May 13, 2005
Steve Boggs told a jury that condemned him to death Thursday that he was innocent of killing three Jack in the Box employees in Mesa, but he had done things for which he’d never been caught.
"This is karma’s way of catching up to me," Boggs, 26, said in Maricopa County Superior Court.
The jury of 11 women and one man took less than two hours to decide Boggs should be executed for the May 19, 2002, deaths of Kenneth Brown, 27, Beatriz Alvarado, 31, and Fausto Jimenez, 31.
Half the jurors wept as the verdicts were read, and Boggs sat with his fist propping up his chin, smiling occasionally.
"It was difficult for everyone in the courtroom except him," said Ted Duffy, a deputy county attorney.
Boggs’ co-defendant, Christopher Hargrave, 24, could face the death penalty, but his trial has been postponed indefinitely because he got a new attorney.
Prosecutors say the murders were committed to eliminate witnesses to a robbery.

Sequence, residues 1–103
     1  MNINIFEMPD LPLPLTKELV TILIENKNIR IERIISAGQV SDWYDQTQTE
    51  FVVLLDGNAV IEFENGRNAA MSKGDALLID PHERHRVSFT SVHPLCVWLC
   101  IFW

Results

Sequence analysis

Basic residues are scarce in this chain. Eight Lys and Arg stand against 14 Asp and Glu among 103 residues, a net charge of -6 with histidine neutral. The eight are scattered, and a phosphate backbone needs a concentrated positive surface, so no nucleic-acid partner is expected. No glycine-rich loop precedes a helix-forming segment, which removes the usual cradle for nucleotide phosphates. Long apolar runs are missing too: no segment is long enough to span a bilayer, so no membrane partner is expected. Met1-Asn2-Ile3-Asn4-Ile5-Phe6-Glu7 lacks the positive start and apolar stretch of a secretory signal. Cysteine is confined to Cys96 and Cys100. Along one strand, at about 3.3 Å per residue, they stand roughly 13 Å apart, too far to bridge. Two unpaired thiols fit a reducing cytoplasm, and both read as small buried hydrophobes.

Hargrave was fired from the restaurant a few days before the late-night killings at 2846 E. Main St. for coming up short on his cash drawer.
The two men, founders of a four-member, white supremacist militia, were hoping to get thousands of dollars from the robbery but came up with less than $300, prosecutors said.
Boggs has blamed Hargrave, confessed and maintained his innocence at various times.
"I’ll tell you this, I’ve made my bed and now I have to lie in it," he said to jurors. "Do what you 12 need to do."
His attorneys tried to persuade jurors against voting for the death penalty by presenting three days of testimony about his mental illness, which led to his being institutionalized much of his childhood.
"Do you want to send a mentally ill man to death row?" defense attorney Nathaniel Carr asked.
Boggs told jurors he doesn’t know and doesn’t care whether he is mentally ill.
Brown’s father, Leon Spencer of New Mexico, said he had no doubt Boggs would get the death penalty.